@materfamilias Wasn't that the catchphrase from Wizard of Oz. Can anyone tell me why the possessive 'tua' is used here; normally Italian doesn't bother if the owner is obvious from the context?
Casa mia, casa mia, per piccina che tu sia, tu mi sembri una badia.
(home, home, even little as you are, you are an abbey for me)
An early (1822) American song that uses the proverb "There's no place like home" has the lyric, "Mid pleasures and palaces though we may roam, Be it ever so humble, there's no place like home." This is exactly the sense of the cute Italian verse you provided.
The expression or sentiment "there's no place like home" seems to predate this song by many centuries, and is probably a timeless sentiment expressed in some form or another in almost all languages.
casa tua (without definite article) = your home
la tua casa = your house
it is not 100% true but it is pretty similar
"la casa tua" is wrong
I think that if they had written "tua" before "casa" it would have needed it, so la tua casa would have been correct. This different order of "tua" coming after puts more emphasis on the possession.
I'm guessing (so not much help!) that it's to emphasize YOUR home over, say MY home.
It's just a common Italian phrase, an idiom. You can think of it like how close family members don't use a definite article (mia madre, mio fratello) -- home is so close and familiar that it drips the article. Also if I'm not mistaken "casa tua" as opposed to "la tua casa" kind of differentiates between the concept of home and house respectively.
"Not one place" carries more emphasis than "No place." Unless you want to especially emphasize the point (and there seems no reason to emphasize it here) you would say "No place is like your home."
Don't always translate literally. It will only confuse you. If you've tried translating any pages, you'll notice that literal translations often make little sense, and that a small degree of finesse is often necessary to make sentences sound right after translation. Same applies here. (House and home are often used interchangeably in many languages too.)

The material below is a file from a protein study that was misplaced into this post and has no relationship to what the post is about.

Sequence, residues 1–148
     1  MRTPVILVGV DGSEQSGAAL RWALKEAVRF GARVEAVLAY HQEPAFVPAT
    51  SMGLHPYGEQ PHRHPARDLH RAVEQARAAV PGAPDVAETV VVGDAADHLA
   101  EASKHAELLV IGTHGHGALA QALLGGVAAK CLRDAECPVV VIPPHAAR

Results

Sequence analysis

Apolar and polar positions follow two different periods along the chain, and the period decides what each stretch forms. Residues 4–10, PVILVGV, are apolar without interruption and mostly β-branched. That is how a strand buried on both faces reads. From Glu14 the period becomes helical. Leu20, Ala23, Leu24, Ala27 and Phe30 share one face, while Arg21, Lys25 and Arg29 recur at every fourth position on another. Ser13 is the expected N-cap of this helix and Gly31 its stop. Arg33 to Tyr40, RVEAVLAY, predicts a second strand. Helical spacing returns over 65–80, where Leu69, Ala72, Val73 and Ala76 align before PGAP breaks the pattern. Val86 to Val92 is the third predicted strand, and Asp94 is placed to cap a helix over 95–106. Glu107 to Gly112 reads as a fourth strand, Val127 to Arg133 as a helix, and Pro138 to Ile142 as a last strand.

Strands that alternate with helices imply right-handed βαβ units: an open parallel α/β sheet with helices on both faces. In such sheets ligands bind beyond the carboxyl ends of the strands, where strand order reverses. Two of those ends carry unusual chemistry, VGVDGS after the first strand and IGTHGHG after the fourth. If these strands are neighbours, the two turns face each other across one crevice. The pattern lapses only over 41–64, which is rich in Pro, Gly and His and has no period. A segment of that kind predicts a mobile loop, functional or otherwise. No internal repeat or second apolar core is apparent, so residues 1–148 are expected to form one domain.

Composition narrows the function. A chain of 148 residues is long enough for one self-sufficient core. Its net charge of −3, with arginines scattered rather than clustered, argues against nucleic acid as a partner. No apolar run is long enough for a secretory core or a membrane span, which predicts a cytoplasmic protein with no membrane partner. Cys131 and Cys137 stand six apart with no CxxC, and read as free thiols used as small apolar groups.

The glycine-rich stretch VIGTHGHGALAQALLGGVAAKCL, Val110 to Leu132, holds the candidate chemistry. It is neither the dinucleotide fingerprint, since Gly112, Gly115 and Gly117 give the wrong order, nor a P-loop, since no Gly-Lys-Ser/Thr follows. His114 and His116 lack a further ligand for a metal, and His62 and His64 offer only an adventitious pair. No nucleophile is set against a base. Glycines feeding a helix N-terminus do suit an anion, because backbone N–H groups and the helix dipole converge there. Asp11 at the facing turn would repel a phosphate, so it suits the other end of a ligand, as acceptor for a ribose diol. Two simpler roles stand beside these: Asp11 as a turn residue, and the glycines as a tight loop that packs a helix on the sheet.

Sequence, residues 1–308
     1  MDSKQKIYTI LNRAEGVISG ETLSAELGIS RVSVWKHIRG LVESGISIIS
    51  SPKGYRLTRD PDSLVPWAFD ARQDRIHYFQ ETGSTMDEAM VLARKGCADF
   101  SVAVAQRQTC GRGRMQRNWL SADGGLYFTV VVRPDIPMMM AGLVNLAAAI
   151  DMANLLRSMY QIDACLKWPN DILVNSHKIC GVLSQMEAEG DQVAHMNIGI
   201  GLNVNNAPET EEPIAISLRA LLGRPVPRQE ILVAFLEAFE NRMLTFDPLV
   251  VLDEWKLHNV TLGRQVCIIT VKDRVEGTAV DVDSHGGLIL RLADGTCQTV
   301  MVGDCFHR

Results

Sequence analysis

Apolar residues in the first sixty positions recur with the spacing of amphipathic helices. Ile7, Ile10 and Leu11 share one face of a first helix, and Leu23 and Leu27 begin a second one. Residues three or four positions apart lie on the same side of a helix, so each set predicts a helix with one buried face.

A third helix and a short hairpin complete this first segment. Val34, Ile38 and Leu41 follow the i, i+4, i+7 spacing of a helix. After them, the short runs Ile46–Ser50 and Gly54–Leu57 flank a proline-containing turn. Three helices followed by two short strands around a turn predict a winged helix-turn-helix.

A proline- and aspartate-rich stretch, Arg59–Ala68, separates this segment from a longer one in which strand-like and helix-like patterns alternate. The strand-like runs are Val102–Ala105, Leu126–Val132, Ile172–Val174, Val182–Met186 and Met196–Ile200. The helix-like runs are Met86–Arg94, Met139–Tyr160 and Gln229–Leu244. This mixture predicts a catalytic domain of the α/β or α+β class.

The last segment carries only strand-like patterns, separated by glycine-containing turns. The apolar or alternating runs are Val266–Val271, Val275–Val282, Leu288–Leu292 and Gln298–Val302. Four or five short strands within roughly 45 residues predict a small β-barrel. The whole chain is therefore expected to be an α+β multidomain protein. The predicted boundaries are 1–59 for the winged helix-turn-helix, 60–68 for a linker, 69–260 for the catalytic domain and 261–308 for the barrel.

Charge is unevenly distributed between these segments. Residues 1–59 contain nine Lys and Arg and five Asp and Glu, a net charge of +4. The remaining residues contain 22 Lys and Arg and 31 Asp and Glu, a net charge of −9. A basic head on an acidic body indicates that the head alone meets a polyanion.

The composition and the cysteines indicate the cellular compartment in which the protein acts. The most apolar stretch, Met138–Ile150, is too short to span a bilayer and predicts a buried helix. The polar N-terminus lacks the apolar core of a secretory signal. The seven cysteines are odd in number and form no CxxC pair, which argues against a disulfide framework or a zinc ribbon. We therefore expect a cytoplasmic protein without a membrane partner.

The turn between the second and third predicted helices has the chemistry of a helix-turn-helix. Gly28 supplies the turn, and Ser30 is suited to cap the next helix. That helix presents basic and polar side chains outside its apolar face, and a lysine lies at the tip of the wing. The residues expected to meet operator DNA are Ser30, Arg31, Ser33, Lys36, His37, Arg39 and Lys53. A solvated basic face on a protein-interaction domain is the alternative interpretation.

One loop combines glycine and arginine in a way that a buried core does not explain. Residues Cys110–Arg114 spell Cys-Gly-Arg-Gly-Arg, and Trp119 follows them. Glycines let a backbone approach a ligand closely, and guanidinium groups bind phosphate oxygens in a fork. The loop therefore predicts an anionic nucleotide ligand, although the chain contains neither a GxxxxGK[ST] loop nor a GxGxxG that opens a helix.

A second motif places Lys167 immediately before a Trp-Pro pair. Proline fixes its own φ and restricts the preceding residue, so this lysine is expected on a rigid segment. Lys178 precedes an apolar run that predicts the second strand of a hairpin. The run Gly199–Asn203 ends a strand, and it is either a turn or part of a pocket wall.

Why does Duolingo consider "apartment" as the alternative meaning of casa?
Because we use it like that in Italy. Think of it like "home". Many people live in apartments; they're not going to say "apartamento" every time. They say "I'm at home". "Sto a casa".
So "casa" means both "house" and "home"? The English definitions do vary slightly. Is there any way to distinguish between the two in Italian?
Just click your heels together three times and say, "Nessun posto e come casa tua."
I don't understand the big difference between the correct answer of "No place is like your home" and my response of "There is no place like your home." Can anyone explain?
than it would be: nessun posto è come la tua casa. Casa tua is your home, la casa tua/ la tua casa = your house
If this is idiomatic for "there's no place like home", it should still accept a translation like "there is no place like your house", as if you were saying this to a friend about his amazing house.
In languages, we don't just translate word-to-word. Such a translation usually wouldn't make any sense. We translate entire chunks of meaning at once. In many of the ways English speakers use "no", Italians also use "no". But in some cases, the sense of English "no" might better be represented by Italian "nessuno", and vice versa.
"Nobody" refers to a person, not a place - or, rather, to no person, rather than no place.
No place is like one's own. Equally good, but too idiomatic for DL ....